He swiveled to where she pointed.

Anna began picking her way to the wall. She stumbled over a rock hidden in the weeds and righted herself only to catch her toe again. Strong arms caught her from behind and lifted her easily. In two long strides, Lord Swartingham was by the wall.

He set her down. “Is this what you want to see?”

“Yes.” Anna, breathless, peeked at him sideways.

He stared rather grimly at the espaliered tree.

“Thank you.” She turned back to the pathetic tree against the wall and was immediately distracted. “I think it’s an apple tree or perhaps a pear. You can see where they’re planted all around the garden walls. And this one here is in bud.”

The earl dutifully examined the branch indicated. He grunted.

“And really all they need is some good pruning,” she chattered on. “You could make your own cider.”

“I’ve never much liked cider.”

She lowered her brows at him. “Or you could have Cook make apple jelly.”

He arched an eyebrow.

She almost defended the merits of apple jelly, but then she spied a flower hiding in the weeds. “Do you think that’s a violet or maybe a periwinkle?”

The flower was a couple of feet from the edge of a bed. Anna bent from the waist to get a closer look, placing one hand on the ground to steady herself.

“Or perhaps a forget-me-not, although usually they bloom in big groups.” She carefully plucked the flower. “No, I’m silly. Look at the leaves.”

Lord Swartingham was very still behind her.

“I think it may be a type of hyacinth.” She straightened and turned to consult him.

“Oh?” The single word came out a baritone guttural.

She blinked at his voice. “Yes, and of course where there’s one, there’s always more.”

“Of what?”

She narrowed her eyes suspiciously. “You haven’t been listening to me, have you?”

He shook his head. “No.”

He was watching her intently, in such a way that Anna’s breath quickened. She could feel her face heat. In the quiet, the breeze playfully blew a thin lock of hair across her mouth. He reached out very slowly and brushed it away with the tips of his fingers. The calluses on his hand rasped against the sensitive skin of her lips, and she closed her eyes in yearning. He carefully tucked the lock back into her coiffure, his hand lingering at her temple.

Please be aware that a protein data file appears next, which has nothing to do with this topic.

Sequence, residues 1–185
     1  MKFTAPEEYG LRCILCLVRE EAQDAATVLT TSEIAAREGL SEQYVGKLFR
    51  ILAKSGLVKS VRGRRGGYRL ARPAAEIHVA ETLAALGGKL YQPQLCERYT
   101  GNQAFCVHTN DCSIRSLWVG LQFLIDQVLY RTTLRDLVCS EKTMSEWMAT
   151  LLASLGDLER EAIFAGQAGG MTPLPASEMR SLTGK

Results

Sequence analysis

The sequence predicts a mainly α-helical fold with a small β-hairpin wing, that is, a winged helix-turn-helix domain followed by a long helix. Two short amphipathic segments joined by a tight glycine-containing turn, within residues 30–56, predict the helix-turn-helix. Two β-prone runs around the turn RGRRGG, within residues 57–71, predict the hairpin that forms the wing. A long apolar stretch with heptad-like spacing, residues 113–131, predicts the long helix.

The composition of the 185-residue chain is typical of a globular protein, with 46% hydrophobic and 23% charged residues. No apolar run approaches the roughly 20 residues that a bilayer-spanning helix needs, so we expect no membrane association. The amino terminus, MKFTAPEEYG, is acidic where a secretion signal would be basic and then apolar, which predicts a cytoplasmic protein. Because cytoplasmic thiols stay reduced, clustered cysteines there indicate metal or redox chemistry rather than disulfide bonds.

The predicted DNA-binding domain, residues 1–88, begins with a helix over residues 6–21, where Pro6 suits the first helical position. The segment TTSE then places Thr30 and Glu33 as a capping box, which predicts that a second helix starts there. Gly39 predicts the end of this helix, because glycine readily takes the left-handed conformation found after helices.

She felt his breath caress her lips. Oh, please.

And then he dropped his hand.

Anna opened her eyes and met his obsidian gaze. She stretched out her own hand to protest—or perhaps touch his face, she wasn’t sure, and it didn’t matter anyway. He’d already whirled and paced a few steps away from her. She didn’t think he had even noticed her own aborted gesture.

He turned his head so that she could see only his face in profile. “I beg your pardon.”

“Why?” She tried to smile. “I—”

He made a chopping motion with the blade of his hand. “I will be traveling tomorrow to London. I fear I have some business there that can no longer wait.”

Anna squeezed her hands into fists.

“You may continue admiring the garden if you wish. I need to return to my writing.” He strode rapidly away, his boots grinding against the broken bricks.

Anna opened her clenched fists and felt the crushed flower slip from her fingers.

She glanced around the ruined garden. It had so many possibilities. Some weeding by the wall over there, some planting in the bed here. No garden was ever truly dead if a proper gardener knew how to nurture it. Why, it only needed a bit of care, a bit of love….

A veil of tears obscured her eyes. She wiped at them irritably with a trembling hand. She’d forgotten her handkerchief inside. The tears overflowed her eyes and rolled to her chin. Bother. She’d have to use her sleeve to mop them. What sort of lady was caught without a handkerchief? A pitiful sort of one, obviously. The sort a gentleman couldn’t bring himself to kiss. She scrubbed her face with the inside of her forearm, but the tears kept reappearing. As if she’d believe that nonsense about work in London! She was a mature woman. She knew where the earl meant to do his work. In that nasty brothel.